Effect versus Affect

Effect versus Affect – A Guide to these Commonly Confused Words

In writing, it is quite easy for many people to confuse the words affect and effect with one another. These are considered to be among the most “commonly confused words.”

Here are some great tips to help you learn the difference between these words:


The term affect is considered to be an active word, one that has a direct impact on something else. It is generally used as a verb, so this may help you better identify when and where to use it.

  • Most commonly a verb
  • Can be considered “active”
  • One force is “affecting” another force


  • The sun is affecting my garden.
  • The heavy winds are affecting the boat’s course.
  • This political climate is affecting my ability to concentrate.
  • An improperly executed word affects the meaning of the sentence.


The term effect is considered to be a passive word, one that has been impacted by something else. It is generally used as a noun, but may sometimes be a passive verb.

  • Most commonly a noun, except when a passive verb
  • Can be considered “passive”
  • One force has been “effected” by another force.


  • The sun has a negative effect on my delicate flowers.
  • The effect of the winds caused the boat to go off course.
  • Politics have effected my ability to concentrate.
  • An improperly executed word has a bad effect on the meaning of the sentence.



Practice Quiz

Now you practice! Should this be effect or affect? (May need to conjugate the verb with a -ed or -ing)

  1. A lack of water has had a bad _____ on my plants.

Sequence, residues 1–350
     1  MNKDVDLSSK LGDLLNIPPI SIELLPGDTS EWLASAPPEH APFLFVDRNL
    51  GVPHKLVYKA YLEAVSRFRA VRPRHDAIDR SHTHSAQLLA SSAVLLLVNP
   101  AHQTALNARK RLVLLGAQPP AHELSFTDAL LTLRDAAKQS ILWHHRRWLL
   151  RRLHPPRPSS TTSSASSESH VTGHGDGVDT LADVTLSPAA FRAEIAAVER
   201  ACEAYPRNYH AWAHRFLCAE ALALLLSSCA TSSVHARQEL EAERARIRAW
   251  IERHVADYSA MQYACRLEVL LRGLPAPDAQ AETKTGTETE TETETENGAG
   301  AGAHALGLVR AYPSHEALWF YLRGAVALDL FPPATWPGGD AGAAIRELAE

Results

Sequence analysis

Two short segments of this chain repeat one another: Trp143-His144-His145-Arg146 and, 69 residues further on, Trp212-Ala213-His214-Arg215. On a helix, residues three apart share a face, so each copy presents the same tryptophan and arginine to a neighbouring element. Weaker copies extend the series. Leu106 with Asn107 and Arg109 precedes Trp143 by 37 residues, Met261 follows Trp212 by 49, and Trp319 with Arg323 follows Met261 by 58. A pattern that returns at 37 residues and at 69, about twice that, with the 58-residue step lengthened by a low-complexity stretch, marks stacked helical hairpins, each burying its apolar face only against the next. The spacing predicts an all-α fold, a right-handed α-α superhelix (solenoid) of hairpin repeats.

2. My plants are  _____ by underwatering.
  3. The _____ of sand on my skin was irritating.
  4. The sand ______ my skin badly.
  5. What _____ does the use of cursing have on children?
  6. Children are _____ by constant cursing.
  7. His speech had a powerful _____ on the audience.
  8. His moving speech _____the audience.
  9. The _____ of smoking on the lungs is well-documents.
  10. Scientists have proven that smoking negatively _____ lung capacity.





(answer key: 1. effect, 2. affected, 3. effect, 4. affected, 5. effect, 6. affected, 7. effect, 8. affects, 9. effect, 10. affects)


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Jenny Mark

Jenny Mark is a graduate of California State University of San Bernardino and lives in Southern California. She is a part time professor for Baker College, Southern New Hampshire University, Vista College, and Baker College. She teachs composition, creative writing, and essential college skills. Check out her blog at http://jennysuemark.com

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